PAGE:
How’s business in Mississippi’s Bold New City? A press release last week from Mayor Harvey Johnson Jr.’s office would have you believe that all is well in Jackson.
Data compiled by the Mississippi Department of Economic and Community Development’s Existing Industry and Business Division indicate that from January to April about $12 million from new or expanding businesses was invested in Jackson along with 291 new jobs.
“Mayor Johnson has worked hard to create a city that is conducive to the growth and expansion of the business community,” said Harold Lathon, deputy director of economic development for the city.
Take a look at the metro picture: In Hinds, Madison and Rankin counties, a total of six new and eight expanded manufacturing and four new non-manufacturing facilities boosted local economies with an estimated capital investment of $27 million and 442 jobs.
The city of Jackson is seeing its share of economic activity, but there are a few fair points to ponder: Where would the city be if it didn’t have an anti-business reputation? If it didn’t have a city council that rivals a low-budget circus in quality of buffoonery? If its infrastructure wasn’t crumbling? If it could transcend petty racial politics and move forward and deal aggressively — and progressively — with issues like crime, decaying neighborhoods and public schools and flight to the suburbs?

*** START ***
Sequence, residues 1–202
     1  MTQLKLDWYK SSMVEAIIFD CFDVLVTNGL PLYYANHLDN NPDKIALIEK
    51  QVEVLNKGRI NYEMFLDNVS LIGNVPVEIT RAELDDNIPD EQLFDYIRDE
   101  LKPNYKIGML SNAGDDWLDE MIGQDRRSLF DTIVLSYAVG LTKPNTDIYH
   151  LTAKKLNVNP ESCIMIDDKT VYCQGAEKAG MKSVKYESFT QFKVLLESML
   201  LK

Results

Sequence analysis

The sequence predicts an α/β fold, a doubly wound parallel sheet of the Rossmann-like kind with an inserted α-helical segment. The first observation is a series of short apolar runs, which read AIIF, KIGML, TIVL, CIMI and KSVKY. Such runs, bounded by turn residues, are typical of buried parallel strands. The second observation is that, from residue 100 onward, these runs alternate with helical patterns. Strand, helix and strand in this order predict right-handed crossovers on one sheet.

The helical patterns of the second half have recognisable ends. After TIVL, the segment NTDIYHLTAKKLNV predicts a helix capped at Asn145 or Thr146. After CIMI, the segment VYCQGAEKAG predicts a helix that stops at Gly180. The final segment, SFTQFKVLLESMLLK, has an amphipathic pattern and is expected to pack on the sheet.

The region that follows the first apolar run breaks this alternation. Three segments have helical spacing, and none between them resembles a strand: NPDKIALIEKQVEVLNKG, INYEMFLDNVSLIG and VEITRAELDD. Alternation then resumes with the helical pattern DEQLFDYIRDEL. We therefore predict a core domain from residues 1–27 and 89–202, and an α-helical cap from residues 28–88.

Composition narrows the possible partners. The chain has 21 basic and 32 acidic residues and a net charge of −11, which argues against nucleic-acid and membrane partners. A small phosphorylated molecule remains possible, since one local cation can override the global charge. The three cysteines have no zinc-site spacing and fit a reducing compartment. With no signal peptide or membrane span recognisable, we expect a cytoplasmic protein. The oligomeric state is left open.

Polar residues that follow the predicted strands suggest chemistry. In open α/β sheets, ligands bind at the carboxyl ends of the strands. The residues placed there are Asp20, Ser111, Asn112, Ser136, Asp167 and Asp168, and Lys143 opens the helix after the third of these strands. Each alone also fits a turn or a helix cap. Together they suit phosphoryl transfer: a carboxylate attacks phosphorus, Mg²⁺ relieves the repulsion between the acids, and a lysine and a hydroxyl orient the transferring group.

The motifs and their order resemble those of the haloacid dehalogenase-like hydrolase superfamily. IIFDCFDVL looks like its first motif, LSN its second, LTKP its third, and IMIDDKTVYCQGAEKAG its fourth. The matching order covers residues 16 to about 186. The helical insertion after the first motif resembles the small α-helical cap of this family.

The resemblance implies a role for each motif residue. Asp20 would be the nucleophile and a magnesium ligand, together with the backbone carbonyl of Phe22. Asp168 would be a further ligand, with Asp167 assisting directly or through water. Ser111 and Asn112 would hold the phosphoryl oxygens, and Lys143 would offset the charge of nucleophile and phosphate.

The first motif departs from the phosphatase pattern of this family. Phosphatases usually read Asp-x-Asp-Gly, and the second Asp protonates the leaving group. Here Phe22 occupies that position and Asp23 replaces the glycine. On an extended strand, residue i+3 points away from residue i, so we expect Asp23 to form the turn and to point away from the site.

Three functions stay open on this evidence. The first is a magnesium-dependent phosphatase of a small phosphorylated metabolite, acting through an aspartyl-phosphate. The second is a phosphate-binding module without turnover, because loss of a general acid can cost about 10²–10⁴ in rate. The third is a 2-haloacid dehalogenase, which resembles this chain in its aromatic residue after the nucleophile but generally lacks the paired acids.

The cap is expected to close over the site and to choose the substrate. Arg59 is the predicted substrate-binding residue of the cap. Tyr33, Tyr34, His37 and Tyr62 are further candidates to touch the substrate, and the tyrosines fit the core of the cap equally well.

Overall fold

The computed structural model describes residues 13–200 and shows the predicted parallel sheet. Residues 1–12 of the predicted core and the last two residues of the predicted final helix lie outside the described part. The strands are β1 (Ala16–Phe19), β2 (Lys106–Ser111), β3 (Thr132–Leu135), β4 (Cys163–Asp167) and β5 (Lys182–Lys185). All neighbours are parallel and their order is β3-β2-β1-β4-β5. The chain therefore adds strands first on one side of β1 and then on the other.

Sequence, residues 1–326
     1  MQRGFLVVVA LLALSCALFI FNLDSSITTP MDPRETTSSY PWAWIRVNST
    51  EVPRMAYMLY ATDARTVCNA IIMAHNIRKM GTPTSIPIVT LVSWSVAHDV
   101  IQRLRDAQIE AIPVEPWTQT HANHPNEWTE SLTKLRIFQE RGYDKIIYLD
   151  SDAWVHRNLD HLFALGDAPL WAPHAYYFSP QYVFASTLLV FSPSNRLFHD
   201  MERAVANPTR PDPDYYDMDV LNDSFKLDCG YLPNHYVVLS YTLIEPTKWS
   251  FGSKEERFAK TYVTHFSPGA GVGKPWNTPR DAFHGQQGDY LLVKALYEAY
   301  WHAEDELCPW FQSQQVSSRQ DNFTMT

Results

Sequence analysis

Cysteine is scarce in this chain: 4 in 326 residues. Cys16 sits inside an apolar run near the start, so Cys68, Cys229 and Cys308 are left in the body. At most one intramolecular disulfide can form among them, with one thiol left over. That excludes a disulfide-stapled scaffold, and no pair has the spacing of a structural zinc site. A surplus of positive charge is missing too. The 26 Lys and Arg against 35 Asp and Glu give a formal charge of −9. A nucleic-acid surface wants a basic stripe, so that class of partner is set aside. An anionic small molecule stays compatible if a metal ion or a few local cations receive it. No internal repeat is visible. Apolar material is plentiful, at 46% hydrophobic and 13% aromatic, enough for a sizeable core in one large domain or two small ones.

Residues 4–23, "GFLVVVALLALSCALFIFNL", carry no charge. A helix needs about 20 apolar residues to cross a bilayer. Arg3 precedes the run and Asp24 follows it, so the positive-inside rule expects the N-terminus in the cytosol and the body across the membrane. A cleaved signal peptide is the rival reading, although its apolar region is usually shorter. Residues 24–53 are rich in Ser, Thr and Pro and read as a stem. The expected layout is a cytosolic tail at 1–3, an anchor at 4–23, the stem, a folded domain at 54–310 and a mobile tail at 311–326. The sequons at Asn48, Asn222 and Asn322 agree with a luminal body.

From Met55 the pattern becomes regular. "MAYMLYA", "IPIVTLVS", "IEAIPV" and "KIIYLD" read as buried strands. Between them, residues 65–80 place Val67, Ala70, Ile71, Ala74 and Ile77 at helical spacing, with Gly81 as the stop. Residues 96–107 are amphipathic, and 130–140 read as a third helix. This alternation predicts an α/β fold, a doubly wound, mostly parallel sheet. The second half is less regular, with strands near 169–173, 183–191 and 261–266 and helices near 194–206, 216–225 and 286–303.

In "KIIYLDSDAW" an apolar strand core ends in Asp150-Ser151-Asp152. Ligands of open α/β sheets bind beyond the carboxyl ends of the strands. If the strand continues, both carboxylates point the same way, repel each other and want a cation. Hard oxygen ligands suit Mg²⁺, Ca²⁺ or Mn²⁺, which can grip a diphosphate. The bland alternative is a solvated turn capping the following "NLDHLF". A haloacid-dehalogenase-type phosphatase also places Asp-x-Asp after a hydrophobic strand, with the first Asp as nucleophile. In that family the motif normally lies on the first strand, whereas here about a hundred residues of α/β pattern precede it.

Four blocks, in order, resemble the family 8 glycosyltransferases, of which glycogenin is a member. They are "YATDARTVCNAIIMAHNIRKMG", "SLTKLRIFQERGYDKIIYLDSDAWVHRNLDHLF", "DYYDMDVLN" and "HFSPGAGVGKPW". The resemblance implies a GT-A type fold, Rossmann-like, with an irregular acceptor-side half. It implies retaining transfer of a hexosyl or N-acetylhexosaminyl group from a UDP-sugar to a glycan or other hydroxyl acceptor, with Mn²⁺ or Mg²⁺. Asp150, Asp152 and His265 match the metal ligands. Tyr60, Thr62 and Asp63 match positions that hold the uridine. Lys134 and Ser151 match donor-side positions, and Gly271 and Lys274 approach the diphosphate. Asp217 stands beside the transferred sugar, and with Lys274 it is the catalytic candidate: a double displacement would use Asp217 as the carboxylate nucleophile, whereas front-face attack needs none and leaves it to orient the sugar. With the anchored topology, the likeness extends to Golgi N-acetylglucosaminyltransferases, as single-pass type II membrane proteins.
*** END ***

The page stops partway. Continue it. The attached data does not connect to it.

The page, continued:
Will it happen? Perhaps. Will Jackson be all that it can be? Possibly.
Jackson has a problem with perception being its reality. Good things might be happening here, but too few folks notice or remember them.
It will take leaders with conviction, guts and a sense of purpose to reverse course and get the city on the right track. Shallow public relations attempts just won’t cut it.